Book – The Rainbow Fish
- An old blue t-shirt
- A length of elastic long enough to be tied around my waist.
- 20cm each of various blue fabric
- 20cm of pink fabric
- 20cm of sparkly fabric
- 2 metres each of tulle in various ‘watery’ colours
T-shirt – fish scales
From the various blue and sparkly fabrics, cut out circles approximately 8cm in diameter. (I traced around the inside of a roll of sticky tape for size consistency). Hot glue these onto the t-shirt in a random, but overlapping fashion. Use mainly the coloured circles but occasionally insert a sparkly one. You won’t need to cover the whole t-shirt – simply a large section at the front.
Skirt – Fish tail
Loosely tie a piece of elastic around your waist at the position where you wish for your skirt to sit. Remove the elastic waistband.
Measure your tulle into strips of fabric twice the length of your desired skirt plus 5cm. For example, if you want your skirt to be 30cm long from the waist to the hemline, measure your tulle into strips 65cm long. Cut about 20 of these strips to start, and cut additional pieces later if you run out. For a fuller, fluffier skirt, cut many pieces of tulle into small, thin sections. To create a skirt that lies flat and not as fluffy, cut only a few pieces of tulle that are very wide.
Fold your tulle strips in half. As you begin to add your tulle to the skirt, fold each strip of tulle in half. This should create a loop on one end and two loose tails on the other.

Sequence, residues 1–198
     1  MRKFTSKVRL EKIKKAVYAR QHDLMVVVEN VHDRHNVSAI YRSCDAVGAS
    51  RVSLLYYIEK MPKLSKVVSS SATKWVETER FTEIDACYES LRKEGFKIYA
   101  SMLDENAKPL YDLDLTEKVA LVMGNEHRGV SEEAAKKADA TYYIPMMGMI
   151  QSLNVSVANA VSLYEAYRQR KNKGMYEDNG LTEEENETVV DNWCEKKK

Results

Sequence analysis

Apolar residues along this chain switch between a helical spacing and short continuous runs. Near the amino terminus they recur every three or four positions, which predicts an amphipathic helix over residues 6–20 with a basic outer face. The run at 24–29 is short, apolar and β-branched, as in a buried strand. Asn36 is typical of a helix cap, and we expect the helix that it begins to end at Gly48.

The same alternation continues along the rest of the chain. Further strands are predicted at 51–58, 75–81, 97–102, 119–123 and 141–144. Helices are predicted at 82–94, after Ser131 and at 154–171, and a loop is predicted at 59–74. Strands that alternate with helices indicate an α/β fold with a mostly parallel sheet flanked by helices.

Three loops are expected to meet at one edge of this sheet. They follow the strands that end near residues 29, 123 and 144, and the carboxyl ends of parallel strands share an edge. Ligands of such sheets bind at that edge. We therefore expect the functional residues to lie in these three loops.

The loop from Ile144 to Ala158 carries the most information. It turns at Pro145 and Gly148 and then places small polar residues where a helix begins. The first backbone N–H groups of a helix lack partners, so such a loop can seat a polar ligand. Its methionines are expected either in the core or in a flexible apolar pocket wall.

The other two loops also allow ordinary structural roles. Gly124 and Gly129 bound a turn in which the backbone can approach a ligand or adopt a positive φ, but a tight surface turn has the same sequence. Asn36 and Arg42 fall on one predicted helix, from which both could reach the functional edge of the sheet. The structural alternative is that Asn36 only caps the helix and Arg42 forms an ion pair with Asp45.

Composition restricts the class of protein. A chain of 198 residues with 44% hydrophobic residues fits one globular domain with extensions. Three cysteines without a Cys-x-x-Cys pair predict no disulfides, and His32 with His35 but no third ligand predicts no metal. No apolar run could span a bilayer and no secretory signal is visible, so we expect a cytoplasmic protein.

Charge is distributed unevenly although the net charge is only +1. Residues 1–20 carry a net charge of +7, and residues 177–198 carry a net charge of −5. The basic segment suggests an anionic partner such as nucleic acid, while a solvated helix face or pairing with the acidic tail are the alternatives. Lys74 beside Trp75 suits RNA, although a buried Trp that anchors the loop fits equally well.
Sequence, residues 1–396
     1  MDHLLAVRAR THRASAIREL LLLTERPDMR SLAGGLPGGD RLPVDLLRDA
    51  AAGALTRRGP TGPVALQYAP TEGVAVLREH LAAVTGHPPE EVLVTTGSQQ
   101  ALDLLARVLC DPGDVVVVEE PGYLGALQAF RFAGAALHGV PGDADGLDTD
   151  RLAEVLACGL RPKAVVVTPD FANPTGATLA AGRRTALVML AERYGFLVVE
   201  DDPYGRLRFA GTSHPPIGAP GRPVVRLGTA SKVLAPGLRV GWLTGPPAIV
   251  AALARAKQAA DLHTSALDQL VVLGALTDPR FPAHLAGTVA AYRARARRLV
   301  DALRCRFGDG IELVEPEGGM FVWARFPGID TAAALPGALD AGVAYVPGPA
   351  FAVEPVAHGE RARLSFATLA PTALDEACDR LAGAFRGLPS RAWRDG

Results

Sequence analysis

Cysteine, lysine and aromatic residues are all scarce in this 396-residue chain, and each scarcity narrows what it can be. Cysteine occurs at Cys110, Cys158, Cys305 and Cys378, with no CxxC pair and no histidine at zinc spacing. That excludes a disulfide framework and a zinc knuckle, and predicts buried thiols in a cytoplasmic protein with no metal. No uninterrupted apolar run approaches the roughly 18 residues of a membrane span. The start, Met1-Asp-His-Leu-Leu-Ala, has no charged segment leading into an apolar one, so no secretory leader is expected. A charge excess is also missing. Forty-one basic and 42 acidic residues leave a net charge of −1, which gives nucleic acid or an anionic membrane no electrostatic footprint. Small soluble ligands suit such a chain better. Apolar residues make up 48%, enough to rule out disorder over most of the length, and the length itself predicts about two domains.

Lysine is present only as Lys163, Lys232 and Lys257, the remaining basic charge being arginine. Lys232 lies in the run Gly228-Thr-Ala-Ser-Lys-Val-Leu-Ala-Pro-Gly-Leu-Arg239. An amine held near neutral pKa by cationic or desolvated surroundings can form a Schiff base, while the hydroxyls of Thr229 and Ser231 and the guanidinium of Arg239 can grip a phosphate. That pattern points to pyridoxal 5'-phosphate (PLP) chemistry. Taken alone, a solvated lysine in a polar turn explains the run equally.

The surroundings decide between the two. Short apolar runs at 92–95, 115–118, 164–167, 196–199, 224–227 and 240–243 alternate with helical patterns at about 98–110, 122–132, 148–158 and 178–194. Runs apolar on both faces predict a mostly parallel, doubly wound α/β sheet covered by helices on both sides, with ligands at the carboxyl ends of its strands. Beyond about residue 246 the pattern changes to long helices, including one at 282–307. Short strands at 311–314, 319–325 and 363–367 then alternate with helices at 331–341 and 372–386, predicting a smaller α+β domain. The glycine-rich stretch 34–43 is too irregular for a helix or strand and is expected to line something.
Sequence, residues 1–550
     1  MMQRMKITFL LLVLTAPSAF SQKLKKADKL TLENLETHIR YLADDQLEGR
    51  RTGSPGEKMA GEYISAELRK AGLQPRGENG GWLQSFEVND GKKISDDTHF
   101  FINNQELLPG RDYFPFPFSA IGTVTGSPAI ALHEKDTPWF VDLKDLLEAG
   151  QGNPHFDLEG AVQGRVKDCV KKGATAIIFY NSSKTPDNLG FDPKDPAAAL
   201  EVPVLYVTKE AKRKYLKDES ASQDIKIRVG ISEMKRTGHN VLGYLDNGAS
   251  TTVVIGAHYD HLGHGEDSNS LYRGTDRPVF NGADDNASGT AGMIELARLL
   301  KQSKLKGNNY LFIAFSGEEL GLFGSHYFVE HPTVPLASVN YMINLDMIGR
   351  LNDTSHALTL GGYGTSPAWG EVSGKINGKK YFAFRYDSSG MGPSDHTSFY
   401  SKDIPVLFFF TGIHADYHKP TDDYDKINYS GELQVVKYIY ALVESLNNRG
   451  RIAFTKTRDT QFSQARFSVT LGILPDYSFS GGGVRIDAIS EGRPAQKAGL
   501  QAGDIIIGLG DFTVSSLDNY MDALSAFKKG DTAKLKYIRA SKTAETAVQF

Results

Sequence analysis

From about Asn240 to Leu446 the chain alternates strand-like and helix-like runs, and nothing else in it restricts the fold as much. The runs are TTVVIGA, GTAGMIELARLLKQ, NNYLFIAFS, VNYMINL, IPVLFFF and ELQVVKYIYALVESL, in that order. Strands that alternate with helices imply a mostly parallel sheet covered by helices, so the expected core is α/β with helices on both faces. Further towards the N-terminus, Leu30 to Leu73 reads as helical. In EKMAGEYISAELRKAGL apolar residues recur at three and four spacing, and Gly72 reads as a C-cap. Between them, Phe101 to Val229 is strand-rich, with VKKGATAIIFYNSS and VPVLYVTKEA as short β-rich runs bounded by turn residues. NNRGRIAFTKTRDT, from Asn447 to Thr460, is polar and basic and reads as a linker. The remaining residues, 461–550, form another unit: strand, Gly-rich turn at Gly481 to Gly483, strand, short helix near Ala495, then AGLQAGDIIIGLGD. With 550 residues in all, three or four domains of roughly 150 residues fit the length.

Place the halved tulle strips over the waistband so that only a few inches of the loop stick out over the top. Then fold the tail ends around the waistband and pull them through the loop.
As you pull the strips through the loop, tighten them and slide them down the waistband to make room for other strips. Continue adding strips until you have filled up the waistband.
Again, wear black leggings underneath and you’re ready to go!
Book – The Very Hungry Caterpillar
- An old tablecloth OR 2 metres of coloured felt
- 4 x 10cm wide strips of contrasting greenish felt
- 2 green pipe cleaners (chenille sticks)
- Scanned and laminated food pictures from the book
- OPTIONAL – butterfly wings that I purchased from www.wish.com for $4
I cut 2 of the basic costume template from an old green tablecloth I already had in my cupboard. You could always purchase fabric, however I already had this one I no longer needed so I just used that. I then hot glued the sides as shown in the original template picture, then turned it right side out.
I then hot glued the 4 felt strips in alternating colours to the front, leaving spaces between each strip for the table cloth to show through.
I printed, laminated and cut out the scanned images from the book. These were safety pinned onto the front of my costume.
For the back, I safety pinned the set of wings I had purchased online.
Headband (not in picture) – wind two chenille sticks around a headband to create antennae.
Again, I wore my usual black leggings underneath, with a green long sleeve top to finish off the look.
I hope I’ve given you a few ideas on how you can make a costume. It genuinely doesn’t need to be fancy or time consuming. Just have fun and enjoy yourself!